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Five ways to get personal with customers

Five ways to get shutterstock_121092478 [Converted].eps

By Dawn Wagenaar

These days, advertisers can follow you around online. They can send you personalized emails. They will set up boutiques, magazines and newsletters created especially for you. Do you feel special? Maybe, if it works. There is an art and science to building these customer profiles — also called personas — that result in new customer relationships and sales.

Personas have been used in product marketing and advertising for decades. Mainly, they help business owners explain the benefits of their product or service by stepping into the customers’ shoes and learning their likes, dislikes, goals and shopping habits.

Whether you call them personas or avatars or customer profiles, this branding tool makes your sales team and customer service team deeply knowledgeable about ideal customer relationships. Here are five ways to incorporate personas and make your customer experience more personal and effective. Look at:

  1. Industry and influence. Create a persona for each market segment/industry served and the influence you have on this potential client to choose you. You may describe the persona by title, percentage of influence in the selection process and any end users represented. This gives your firm a good sense of your desired “A” customers.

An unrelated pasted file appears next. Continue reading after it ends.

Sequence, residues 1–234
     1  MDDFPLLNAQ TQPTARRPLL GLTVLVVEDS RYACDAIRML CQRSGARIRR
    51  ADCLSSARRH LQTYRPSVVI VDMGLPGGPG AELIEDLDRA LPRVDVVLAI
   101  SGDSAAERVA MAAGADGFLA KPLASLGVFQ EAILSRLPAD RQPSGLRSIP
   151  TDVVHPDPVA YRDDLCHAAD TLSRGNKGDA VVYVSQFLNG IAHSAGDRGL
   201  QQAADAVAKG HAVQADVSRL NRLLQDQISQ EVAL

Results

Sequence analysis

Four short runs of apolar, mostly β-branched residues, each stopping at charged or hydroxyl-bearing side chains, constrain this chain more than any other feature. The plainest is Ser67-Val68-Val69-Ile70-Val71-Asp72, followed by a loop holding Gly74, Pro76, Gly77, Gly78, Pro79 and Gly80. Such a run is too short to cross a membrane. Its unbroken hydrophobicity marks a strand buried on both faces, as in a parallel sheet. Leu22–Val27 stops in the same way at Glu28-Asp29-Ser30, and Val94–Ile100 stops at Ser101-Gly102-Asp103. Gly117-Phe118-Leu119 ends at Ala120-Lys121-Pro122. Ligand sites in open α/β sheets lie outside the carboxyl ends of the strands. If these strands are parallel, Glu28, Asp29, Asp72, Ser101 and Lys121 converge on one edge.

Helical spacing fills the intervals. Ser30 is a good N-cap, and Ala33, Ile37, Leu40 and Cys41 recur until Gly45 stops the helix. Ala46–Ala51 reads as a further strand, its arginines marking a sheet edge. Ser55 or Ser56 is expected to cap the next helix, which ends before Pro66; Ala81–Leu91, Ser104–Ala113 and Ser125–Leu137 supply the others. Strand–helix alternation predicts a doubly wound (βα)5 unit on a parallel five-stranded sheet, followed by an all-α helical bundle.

2. Sales range. Include the size of customer revenue or purchases you most desire. Each persona may have a different sales range based on the individuals or businesses you seek. You might also note if the company is privately held or public or not-for-profit.
  3. How to work with them. This really shows the value of personas. It helps your team establish expectations for working with your best clients or customers. Describe the personality traits, pressures, expectations, pet peeves and ideal relationship with this persona. You may also note business or social connections — who they will tell if you do a good or bad job.
  4. What else they need. In this section, assess what this persona typically needs from your business and what may be needed in the future. If it is a new relationship, anticipate the persona’s role in buying certain services or products regularly. Maybe this persona is currently buying from your competitor. If so, those in this group need to know that you can deliver more things that fit their needs or desires.
  5. Visual depiction. For visual learners, it helps to imagine what this persona looks like, the age range, gender or ethnicity. This depiction doesn’t have to be perfect. It should be close to what you’ve seen in the marketplace or the current customer relationships you have. You can use stock photography models to help team members visualize the persona, or simply give the persona a name. Make this persona real to them in order to support greater awareness.

One more tip: The next time you are creating a new product or service, or determining whether or not to attend a tradeshow, ask if your personas will go for it. If “Bill” or “Shirley” will buy it, or if they’ll be at a tradeshow, your marketing and sales decisions just got easier.

Dawn_Wagenaar-6-WebDawn Wagenaar is principal of Ingenuity Marketing Group LLC in St. Paul, Minn., and a certified Women’s Business Enterprise helping businesses grow through branding, marketing, web and media strategies. Contact her at or (651) 690-3358.